The rapture debunked

Discussion in 'Philosophy, Religion and Spirituality' started by drapetomaniac, Jan 27, 2010.

  1. drapetomaniac

    drapetomaniac Premium Member Premium Member

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    So is the Left Behind debate yet another example of the all-too-familiar standoff between secular types and traditional believers? Actually, for the last year, one of the people doing the most to debunk the worldview of LaHaye and others who believe in the Rapture (when Christians will be pulled up into heaven) and Tribulation (the seven years of supposed horrors that follow, during which the "Left Behind" series is set) has been a woman who labels herself a conservative theologian: Barbara R. Rossing, an associate professor of New Testament studies at the Lutheran School of Theology in Chicago.

    "Today's Christian fixation on Armageddon and war is a sickness even while it may be thrilling and entertaining," Rossing said by phone, a few days after she preached on the theme of the Second Coming for the first Sunday in Advent.

    Rossing, who has a doctorate from the Harvard Divinity School, says she wrote her latest book, "The Rapture Exposed: The Message of Hope in the Book of Revelation," which came out earlier this year, because "more and more I was talking to Lutherans and evangelicals and even Catholics who had read the [Left Behind] novels and gotten the impression this was what the Bible teaches." In news stories on the Left Behind juggernaut, she has been quoted condemning the ethical implications of the "beam-me-up" aspect of Rapture theory, which she says "invites a selfish nonconcern for the world." But the heart of the book is Rossing's effort to go toe-to-toe with the Rapture theorists in Scriptural readings.

    The Rapture theory itself is quite new, she argues -- one reason to be suspicious. It was largely invented around 1830 by a British evangelical named John Nelson Darby. One key proof-text, then as now, is Daniel 9:24-27, which speaks of "seventy weeks of years" between the time "the word went out to restore and build Jerusalem" and the second coming. Theologians disagree on when the clock should start for the countdown of those 490 years (70 times seven). After the 69th week, however, Daniel says a "prince" will come who "shall destroy the city and its sanctuary" through war and flood.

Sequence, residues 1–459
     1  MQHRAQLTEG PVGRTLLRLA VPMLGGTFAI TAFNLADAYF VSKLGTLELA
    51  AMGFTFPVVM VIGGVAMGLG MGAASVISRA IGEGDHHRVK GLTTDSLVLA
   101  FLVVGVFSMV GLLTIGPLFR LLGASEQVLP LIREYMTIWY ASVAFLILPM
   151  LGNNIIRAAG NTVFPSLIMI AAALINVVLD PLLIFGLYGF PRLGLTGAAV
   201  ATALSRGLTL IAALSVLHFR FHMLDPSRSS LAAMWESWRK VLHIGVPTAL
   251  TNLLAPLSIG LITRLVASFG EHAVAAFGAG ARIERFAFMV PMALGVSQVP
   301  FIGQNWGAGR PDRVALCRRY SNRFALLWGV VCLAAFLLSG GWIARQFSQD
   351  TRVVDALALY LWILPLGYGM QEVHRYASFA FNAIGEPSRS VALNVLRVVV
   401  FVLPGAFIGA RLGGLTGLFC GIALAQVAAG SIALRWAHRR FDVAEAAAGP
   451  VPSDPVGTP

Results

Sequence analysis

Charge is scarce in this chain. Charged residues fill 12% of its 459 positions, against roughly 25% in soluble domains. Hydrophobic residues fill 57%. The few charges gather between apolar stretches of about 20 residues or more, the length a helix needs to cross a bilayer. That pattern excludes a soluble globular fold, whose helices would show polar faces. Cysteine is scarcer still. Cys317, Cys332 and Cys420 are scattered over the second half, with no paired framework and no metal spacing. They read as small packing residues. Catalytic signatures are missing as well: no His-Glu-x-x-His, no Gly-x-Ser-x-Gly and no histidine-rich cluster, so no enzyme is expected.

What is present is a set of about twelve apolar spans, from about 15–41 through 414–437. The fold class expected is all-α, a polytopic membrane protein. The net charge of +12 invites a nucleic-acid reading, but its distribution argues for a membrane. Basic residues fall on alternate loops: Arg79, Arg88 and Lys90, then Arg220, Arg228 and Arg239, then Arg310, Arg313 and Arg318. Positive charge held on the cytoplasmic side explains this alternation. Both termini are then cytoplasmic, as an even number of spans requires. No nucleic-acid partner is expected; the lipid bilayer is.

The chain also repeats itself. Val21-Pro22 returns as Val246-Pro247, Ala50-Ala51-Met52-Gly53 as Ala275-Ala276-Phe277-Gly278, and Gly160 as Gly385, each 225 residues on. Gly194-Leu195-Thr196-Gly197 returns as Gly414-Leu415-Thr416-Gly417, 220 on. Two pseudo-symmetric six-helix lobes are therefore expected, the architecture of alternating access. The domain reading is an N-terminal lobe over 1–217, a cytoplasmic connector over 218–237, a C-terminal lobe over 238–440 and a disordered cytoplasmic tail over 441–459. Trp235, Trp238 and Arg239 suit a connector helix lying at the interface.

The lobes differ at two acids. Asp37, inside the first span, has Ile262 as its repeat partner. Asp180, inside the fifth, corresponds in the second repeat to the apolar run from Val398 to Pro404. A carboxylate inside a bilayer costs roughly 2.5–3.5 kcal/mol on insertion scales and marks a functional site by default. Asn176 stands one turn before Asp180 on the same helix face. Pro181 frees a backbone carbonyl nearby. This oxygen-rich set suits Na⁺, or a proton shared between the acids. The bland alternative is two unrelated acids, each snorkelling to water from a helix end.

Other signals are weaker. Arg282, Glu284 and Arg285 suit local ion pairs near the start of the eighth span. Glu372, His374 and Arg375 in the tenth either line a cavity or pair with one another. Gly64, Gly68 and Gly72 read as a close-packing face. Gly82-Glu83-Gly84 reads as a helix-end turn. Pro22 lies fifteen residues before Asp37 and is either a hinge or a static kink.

full story at:
    http://www.boston.com/news/globe/ideas/articles/2004/12/05/the_rapture_debunked/
     
  2. drapetomaniac

    drapetomaniac Premium Member Premium Member

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  3. drapetomaniac

    drapetomaniac Premium Member Premium Member

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    Dispensationalism is a Protestant evangelical tradition and theology[1] based on a biblical hermeneutic that sees a series of chronologically successive "dispensations" or periods in history in which God relates to human beings in different ways under different Biblical covenants. As a system dispensationalism is rooted in the writings of John Nelson Darby and the Brethren Movement.[2]:10 The theology of dispensationalism consists of a distinctive eschatological "end times" perspective, as all dispensationalists hold to premillennialism and most hold to a pretribulation rapture. Dispensationalists believe that the nation of Israel is distinct from the Church,[3]:322 and that God will fulfill His promises to national Israel. These promises include the land promises, which in the future result in a millennial kingdom where Christ, upon His return, will rule the world from Jerusalem[4] for a thousand years.
    http://en.wikipedia.org/wiki/Dispensationalism
     

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